A 41-year-old man from the Netherlands has allegedly fathered more than 500 children through sperm donations, leading to one mother suing the court to stop further reproduction.
The Donorkind Foundation, an organization that helps children born via sperm donations, revealed that the serial donor had given his sperm nationally and internationally. The news has sparked a debate on the laws and regulations governing sperm donation worldwide, especially in Asia, where sperm donation is less common and often not discussed.
Impact in Asia
Sperm donation laws in Asian countries are not uniform, with many having limitations on the number of children a donor can father. In Japan, for instance, a donor can only father up to five children, while in China, the limit is 20. India does not have a legal limit, but clinics must maintain records to ensure that children born of the same donor do not marry each other in the future. However, some countries such as Pakistan, Sri Lanka, and Malaysia prohibit sperm donation entirely due to religious beliefs.
The case of the Dutch donor, who allegedly fathered more than 500 children, raises concerns about the lack of regulations in some countries and the need for more stringent guidelines in others. Experts in the field suggest that clear regulations should be in place to avoid such scenarios and to ensure that the best interests of the child are protected.
Debate on Anonymity
Donorkind Foundation is now fighting against keeping donors anonymous as it makes it challenging to control the number of children fathered by each donor. The foundation argues that anonymity goes against the right of the child, as it makes it difficult to trace their biological roots. In some Asian countries, such as China, sperm donors remain anonymous, and many parents prefer it this way due to the cultural stigma surrounding infertility.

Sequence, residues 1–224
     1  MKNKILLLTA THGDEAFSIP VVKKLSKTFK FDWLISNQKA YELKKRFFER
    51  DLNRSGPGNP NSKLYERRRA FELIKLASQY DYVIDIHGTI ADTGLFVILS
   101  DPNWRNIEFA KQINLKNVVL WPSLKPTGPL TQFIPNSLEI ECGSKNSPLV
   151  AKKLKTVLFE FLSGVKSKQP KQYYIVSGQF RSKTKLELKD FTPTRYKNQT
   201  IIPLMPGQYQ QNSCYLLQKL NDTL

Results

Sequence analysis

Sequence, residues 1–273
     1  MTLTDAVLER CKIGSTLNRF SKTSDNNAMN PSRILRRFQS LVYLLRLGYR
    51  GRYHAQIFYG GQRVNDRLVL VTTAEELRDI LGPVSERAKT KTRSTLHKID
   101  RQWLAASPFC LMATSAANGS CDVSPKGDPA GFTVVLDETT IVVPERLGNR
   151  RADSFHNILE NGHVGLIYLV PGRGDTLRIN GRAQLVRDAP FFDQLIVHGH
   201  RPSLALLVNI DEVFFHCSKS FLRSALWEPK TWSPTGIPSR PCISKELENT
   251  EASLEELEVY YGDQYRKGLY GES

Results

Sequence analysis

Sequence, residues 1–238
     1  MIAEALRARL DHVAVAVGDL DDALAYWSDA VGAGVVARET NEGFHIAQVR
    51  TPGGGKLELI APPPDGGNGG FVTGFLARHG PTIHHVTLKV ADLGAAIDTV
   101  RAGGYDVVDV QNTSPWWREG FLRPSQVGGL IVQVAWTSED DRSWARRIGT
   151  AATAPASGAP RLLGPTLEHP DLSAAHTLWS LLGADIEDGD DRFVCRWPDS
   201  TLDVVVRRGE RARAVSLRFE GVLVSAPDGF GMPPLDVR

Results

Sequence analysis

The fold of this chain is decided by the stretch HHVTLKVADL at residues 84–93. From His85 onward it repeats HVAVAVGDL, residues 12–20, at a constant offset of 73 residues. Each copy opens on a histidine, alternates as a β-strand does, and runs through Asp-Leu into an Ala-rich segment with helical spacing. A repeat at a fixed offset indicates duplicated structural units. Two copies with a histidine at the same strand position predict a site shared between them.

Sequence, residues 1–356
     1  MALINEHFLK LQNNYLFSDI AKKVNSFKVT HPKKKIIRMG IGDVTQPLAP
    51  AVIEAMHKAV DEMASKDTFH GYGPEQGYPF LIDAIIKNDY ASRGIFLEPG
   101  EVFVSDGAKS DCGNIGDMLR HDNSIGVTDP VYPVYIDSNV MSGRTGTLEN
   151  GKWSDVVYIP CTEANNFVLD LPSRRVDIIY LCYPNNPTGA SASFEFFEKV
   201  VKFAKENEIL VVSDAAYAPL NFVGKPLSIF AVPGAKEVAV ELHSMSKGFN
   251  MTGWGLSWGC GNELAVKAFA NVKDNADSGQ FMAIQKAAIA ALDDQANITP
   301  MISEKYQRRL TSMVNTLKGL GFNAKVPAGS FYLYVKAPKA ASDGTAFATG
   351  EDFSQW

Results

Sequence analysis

Destroying Stored Samples
The Donorkind Foundation is also requesting the Netherlands to destroy any samples the donor has stored, except those used by women who have already had a baby via his donation and would like to give a sibling to their child. Experts suggest that destroying samples is vital to control the number of children fathered by a single donor, as it will prevent future legal battles.
The case of the Dutch donor fathering over 500 children raises concerns about the regulations governing sperm donation worldwide. While many countries have established guidelines to avoid possible incest and psychological problems, some countries still lack clear regulations, resulting in scenarios such as the one in the Netherlands. The Donorkind Foundation’s efforts to fight against keeping donors anonymous and to destroy samples have ignited a debate on the best way to regulate sperm donation to protect the child’s best interests.